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Why the Dalai Lama might quit
The Dalai Lama has threatened to resign if Tibet's violence escalates, said BBC News, but he can't quit as Tibet's spiritual leader, only as head of the government in exile. Many young Tibetans have already gone their own way, said CNN, because they "
W
hat happened
The Dalai Lama threatened to resign if Chinese leaders and Tibetan radicals don’t renounce violence. At least 10 people have died since police began cracking down on Buddhist demonstrators calling for an end to Chinese rule. Beijing has accused the Dalai Lama, the exiled spiritual leader of Tibetans, for stirring up the protests. (London Times Online)

What the commentators said
You might wonder whether the “the man many Tibetans consider as their leader” can really “just throw in the towel,” said BBC News in its Who, What, Why blog. He became Dalai Lama after a special search party “discovered” him at age 3, and, according to tradition, he remains the Dalai Lama until he dies. But “what he has threatened to do, if Tibetans turn to violence, is to resign as the political head” of Tibet’s government in exile. That would be a “major statement.”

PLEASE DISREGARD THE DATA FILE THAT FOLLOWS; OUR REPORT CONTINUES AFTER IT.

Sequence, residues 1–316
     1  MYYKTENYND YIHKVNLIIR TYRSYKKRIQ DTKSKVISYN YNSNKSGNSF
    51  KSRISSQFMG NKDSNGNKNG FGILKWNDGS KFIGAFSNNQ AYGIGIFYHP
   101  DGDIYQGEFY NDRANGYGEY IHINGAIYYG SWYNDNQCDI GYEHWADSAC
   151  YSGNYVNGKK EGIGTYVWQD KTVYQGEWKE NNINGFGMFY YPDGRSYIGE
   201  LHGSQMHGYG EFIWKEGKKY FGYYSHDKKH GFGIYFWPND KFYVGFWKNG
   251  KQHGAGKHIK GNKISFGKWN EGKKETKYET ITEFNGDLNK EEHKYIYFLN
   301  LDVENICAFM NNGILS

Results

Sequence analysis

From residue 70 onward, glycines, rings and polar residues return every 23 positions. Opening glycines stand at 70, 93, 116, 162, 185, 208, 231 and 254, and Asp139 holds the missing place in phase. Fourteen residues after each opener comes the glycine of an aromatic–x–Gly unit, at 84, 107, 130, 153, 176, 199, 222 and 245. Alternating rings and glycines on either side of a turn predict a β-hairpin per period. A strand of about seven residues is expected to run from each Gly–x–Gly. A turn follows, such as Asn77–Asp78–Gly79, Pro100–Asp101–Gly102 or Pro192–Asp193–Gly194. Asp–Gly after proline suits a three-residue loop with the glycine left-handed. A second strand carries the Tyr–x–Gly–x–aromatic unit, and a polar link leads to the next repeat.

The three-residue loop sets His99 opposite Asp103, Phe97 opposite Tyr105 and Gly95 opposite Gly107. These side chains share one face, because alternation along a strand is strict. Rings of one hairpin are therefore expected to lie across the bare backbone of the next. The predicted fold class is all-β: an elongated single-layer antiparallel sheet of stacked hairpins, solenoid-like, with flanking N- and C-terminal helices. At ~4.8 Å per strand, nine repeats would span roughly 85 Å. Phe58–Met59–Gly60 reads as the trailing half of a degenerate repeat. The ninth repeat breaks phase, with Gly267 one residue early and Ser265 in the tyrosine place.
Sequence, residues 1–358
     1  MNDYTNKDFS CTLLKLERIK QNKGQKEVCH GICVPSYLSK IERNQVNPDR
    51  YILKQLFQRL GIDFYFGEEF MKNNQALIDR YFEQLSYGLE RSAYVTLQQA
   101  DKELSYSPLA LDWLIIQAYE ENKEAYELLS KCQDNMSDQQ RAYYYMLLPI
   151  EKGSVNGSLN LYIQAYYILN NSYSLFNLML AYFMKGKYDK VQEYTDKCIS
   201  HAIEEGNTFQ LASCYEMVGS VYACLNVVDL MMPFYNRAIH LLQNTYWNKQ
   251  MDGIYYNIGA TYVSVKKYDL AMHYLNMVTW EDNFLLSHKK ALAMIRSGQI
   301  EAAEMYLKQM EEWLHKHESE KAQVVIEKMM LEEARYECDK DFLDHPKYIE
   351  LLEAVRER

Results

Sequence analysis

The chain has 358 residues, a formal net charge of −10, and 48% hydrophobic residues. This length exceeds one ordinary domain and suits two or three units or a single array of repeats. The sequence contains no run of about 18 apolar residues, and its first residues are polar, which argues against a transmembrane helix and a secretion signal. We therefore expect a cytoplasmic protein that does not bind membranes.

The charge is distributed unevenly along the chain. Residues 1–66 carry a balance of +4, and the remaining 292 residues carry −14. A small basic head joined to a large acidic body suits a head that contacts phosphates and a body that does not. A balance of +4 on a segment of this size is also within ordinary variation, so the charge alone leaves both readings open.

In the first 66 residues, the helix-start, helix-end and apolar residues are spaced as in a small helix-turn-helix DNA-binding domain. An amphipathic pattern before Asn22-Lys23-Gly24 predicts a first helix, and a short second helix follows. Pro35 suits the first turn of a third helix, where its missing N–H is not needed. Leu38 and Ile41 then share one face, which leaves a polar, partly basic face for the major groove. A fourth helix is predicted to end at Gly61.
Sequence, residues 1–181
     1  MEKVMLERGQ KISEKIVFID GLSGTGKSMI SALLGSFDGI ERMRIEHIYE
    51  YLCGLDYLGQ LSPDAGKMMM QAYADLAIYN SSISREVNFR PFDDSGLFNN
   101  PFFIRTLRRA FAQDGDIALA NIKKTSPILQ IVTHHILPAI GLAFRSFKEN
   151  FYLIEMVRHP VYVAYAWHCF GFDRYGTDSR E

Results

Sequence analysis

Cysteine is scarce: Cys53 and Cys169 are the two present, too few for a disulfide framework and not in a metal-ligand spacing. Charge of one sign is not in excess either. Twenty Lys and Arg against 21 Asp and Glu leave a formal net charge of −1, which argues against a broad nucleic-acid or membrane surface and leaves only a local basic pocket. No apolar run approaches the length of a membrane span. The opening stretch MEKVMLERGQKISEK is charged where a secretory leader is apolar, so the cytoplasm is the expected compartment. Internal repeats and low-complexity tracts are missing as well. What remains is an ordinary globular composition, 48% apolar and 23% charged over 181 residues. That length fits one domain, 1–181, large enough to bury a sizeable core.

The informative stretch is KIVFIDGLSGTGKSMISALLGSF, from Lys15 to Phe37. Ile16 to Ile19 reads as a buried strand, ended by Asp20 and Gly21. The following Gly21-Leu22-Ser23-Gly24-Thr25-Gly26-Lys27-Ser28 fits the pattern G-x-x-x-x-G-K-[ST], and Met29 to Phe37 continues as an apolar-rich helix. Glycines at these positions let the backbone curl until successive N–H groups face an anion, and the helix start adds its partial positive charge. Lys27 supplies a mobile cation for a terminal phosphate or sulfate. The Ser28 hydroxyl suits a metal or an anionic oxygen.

Many young Tibetans have already gone their own way, said CNN in an analysis contributed to by Christiane Amanpour. The young activists organizing “Free Tibet” marches around the world were, most of them, born in exile, and “reject the Dalai Lama's 'middle way' of seeking 'meaningful autonomy' -- not independence -- from China.” They also “call for an international boycott of the Beijing Olympics, something the Dalai Lama does not do.”

The Dalai Lama is clearly trying to “quickly seize the higher moral ground” from China, said Somini Sengupta in The New York Times (free registration). He put Chinese officials on the defensive by inviting them, and international witnesses, to search his offices for a shred of evidence he’s inciting the protests. But he’s also “unnerved by the violence” and by “the increasingly radical calls from Tibetan exiles in this country.”

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